Academic journal article The Government Accountants Journal

A Survey of Management Techniques Implemented by Municipal Administrators

Academic journal article The Government Accountants Journal

A Survey of Management Techniques Implemented by Municipal Administrators

Article excerpt

In an era of limited resources, governments are under great pressure to reform their administrative systems. Local governments have been forced to consider innovative management tools to improve service while financial resources shrink. The tools include Activity-Based Costing (ABC), ActivityBased Management (ABM), Total Quality Management (TQM), benchmarking process reengineering and the balanced scorecard. Some government leaders believe they have found the answer to the challenge of improving quality and increasing productivity@ Others dismiss these contemporary management tools as another fad that produces only failure in a cycle of grand promises and disappointment. In light of the prevalence of traditional budgeting and financial management techniques, such as revenue and expenditures forecasting and the monitoring of financial trends, we examine the effectiveness and usefulness of some contemporary management techniques: ABC, ABM, benchmarking, process reengineering, TQM and the balanced scorecard. This article describes a survey in which government administrators were asked about their use of and attitudes toward these contemporary tools.

Tools Included in the Survey

Innovative management tools that have become more prominent over the last decade are included in the study. Traditional budgeting and financial management tools, such as line item budgeting and financial trend monitoring, are not included as they are proven tools that are necessary for the accountability of local jurisdictions The following six tools are included in this study.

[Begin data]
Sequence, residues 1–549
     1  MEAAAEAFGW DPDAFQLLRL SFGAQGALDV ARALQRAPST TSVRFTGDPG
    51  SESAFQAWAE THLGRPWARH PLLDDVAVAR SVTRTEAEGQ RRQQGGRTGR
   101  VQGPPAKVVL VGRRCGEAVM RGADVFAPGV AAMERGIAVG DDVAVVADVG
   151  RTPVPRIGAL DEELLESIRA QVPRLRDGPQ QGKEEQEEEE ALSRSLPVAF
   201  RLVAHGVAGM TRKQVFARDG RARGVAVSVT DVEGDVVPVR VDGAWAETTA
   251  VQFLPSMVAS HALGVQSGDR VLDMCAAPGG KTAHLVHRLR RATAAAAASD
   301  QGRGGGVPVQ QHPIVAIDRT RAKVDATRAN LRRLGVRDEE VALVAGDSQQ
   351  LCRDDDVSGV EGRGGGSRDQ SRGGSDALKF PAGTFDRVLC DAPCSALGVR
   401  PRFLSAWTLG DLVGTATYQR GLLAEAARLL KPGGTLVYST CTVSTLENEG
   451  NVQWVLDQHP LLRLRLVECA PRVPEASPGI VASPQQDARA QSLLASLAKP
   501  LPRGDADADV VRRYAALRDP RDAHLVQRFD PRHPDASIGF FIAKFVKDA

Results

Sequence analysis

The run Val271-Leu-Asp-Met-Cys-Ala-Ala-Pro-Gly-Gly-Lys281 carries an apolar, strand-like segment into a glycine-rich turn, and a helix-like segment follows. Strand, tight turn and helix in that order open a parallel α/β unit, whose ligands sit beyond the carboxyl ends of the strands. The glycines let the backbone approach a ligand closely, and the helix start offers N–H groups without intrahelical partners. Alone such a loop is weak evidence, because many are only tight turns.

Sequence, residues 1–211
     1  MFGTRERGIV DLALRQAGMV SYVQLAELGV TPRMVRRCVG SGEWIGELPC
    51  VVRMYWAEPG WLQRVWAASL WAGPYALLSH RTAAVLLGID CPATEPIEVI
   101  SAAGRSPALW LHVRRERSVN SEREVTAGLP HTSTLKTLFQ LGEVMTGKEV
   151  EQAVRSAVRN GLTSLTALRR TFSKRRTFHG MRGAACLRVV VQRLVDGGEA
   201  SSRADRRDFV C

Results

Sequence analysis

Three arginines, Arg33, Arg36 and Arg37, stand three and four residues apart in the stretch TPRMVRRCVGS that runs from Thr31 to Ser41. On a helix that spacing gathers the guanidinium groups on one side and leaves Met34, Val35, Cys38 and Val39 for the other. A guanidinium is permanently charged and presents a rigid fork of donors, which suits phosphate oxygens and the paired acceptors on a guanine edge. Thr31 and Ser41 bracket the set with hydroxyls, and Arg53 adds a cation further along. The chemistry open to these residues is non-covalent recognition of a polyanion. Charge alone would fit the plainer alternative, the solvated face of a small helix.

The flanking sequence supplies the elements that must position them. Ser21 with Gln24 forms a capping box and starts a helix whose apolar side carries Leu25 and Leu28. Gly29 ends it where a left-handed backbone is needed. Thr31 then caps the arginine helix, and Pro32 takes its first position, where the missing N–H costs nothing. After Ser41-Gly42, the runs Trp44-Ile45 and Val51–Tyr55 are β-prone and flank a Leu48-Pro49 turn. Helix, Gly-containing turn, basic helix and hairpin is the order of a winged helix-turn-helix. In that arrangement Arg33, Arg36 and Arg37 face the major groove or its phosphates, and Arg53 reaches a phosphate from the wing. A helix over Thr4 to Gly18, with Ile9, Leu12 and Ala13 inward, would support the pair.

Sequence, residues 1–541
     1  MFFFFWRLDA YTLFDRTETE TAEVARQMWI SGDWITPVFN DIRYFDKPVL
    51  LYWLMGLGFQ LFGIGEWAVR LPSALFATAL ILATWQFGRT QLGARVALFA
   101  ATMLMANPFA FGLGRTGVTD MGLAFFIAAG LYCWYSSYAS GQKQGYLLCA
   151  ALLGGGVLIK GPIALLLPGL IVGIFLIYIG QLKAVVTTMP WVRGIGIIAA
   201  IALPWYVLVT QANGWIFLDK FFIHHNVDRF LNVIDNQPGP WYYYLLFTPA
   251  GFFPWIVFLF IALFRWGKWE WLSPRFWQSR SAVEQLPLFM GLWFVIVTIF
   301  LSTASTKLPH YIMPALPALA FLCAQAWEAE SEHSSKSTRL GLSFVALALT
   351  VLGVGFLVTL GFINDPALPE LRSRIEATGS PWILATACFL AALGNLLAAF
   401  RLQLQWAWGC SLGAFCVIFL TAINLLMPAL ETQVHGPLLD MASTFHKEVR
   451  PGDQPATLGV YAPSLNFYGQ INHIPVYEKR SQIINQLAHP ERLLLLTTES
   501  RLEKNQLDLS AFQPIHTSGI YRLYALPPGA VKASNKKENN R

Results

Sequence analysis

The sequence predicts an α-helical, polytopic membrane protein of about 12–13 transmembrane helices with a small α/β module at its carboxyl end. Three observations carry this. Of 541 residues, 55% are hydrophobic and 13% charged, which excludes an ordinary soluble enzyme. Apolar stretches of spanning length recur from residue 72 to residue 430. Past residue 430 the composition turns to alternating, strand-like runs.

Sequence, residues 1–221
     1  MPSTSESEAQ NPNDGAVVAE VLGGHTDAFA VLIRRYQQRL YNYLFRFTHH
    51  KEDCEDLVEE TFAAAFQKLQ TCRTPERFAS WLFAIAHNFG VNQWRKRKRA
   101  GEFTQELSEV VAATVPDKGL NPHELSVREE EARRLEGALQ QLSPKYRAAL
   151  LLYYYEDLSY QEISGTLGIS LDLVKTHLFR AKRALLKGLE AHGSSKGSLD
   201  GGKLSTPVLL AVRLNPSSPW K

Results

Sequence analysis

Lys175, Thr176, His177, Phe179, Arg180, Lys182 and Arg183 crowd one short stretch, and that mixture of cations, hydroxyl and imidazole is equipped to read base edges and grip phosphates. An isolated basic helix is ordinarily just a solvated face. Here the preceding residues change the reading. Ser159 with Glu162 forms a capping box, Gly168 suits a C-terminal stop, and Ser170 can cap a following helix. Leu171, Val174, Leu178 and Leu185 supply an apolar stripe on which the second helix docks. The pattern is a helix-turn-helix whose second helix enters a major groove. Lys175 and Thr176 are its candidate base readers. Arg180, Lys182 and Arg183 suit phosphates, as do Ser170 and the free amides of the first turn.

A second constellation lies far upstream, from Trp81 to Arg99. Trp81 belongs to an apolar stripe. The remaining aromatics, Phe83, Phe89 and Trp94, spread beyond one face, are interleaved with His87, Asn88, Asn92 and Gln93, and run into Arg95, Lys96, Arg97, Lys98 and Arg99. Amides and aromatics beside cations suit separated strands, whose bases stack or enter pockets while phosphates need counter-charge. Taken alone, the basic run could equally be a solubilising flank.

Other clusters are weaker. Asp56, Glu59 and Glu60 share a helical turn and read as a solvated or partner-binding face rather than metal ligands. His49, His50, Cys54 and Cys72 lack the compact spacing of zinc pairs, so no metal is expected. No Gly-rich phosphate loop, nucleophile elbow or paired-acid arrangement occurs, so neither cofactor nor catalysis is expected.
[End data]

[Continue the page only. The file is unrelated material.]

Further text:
Activity-Based Costing (ABC): A procedure that measures the cost of products, services and customers. ABC uses the costs of activities as building blocks. ABC first assigns resource costs to the activities performed by the organization. Activity costs are then assigned to the products, customers and services that benefit from or are creating the demand for the activities. The ABC concept was developed by Robin Cooper and Robert S. Kaplan from the Harvard Business School. They have published a series of articles advocating the use of ABC since 1988.1

Activity-Based Management (ABM): The management processes that use the information provided by an activity-based costing analysis to improve organizational performance. ABM includes performing activities more efficiently, eliminating the need to perform certain activities that do not add value for customers, improving the design of products and developing better relationships with customers and suppliers.2 The goal of ABM is to satisfy customers while making fewer demands on organizational resources. ABM was introduced in management accounting literature in 1992.3

Benchmarking: The process of studying and comparing how other organizations perform similar activities and processes. The other organizations can be either internal or external and are selected because they are known to have excellent performance. Xerox coined the term benchmarking in 1979. The approach has been in use for a number of years, although it was often called by different names. An early benchmarking article appeared in Harvard Business Review in 1987.4

Process Reengineering: "The fund mental rethinking and radical redesign of business processes to achieve dramatic improvements in critical contemporary measures of performance, such as cost, quality, service and speed."' Process reengineering was first introduced by M. Hammer in 1990 but did not gain wide dissemination until after the publication of Hammer and J. Champy's book on reengineering in 1993.

Total Quality Management (TQM): A commitment to quality that involves a clear vision of what the organization does, its quality values and goals, how it's going to achieve them, who its customers are, their needs, the needs of its employees and a focus on processes. Edwards Deming launched the TQM movement when he published his book Quality, Productivity and Competitive Position in 1982. …

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